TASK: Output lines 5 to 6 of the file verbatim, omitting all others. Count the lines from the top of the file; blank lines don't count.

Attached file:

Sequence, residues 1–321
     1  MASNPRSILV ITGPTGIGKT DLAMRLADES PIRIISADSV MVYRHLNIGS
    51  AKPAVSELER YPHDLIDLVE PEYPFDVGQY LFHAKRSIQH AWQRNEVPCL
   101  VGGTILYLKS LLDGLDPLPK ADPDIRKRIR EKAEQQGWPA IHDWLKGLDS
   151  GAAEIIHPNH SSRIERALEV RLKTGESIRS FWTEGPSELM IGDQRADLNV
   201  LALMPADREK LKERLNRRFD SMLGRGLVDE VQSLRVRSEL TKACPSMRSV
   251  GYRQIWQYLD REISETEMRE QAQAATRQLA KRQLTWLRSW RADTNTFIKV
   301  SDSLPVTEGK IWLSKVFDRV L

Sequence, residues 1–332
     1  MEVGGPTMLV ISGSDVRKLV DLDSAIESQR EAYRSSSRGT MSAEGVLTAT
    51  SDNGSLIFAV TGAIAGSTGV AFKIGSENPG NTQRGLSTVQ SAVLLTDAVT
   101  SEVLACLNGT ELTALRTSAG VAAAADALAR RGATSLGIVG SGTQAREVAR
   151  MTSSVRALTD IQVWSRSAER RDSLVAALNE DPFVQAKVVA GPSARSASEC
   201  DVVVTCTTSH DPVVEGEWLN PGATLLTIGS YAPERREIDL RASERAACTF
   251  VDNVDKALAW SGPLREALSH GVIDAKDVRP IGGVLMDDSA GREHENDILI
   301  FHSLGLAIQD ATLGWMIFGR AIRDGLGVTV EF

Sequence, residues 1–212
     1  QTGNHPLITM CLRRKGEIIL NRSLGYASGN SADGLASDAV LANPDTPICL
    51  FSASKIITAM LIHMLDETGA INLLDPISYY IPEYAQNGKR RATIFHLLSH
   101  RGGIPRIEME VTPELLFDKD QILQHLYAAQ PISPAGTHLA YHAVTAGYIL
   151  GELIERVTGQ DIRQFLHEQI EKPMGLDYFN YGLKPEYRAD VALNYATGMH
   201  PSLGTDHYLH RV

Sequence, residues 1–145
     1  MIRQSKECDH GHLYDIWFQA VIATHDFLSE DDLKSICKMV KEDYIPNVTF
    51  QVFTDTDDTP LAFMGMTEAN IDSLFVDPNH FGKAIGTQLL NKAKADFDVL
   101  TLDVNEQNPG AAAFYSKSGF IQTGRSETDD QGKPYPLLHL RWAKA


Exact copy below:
   151  GAAEIIHPNH SSRIERALEV RLKTGESIRS FWTEGPSELM IGDQRADLNV
   201  LALMPADREK LKERLNRRFD SMLGRGLVDE VQSLRVRSEL TKACPSMRSV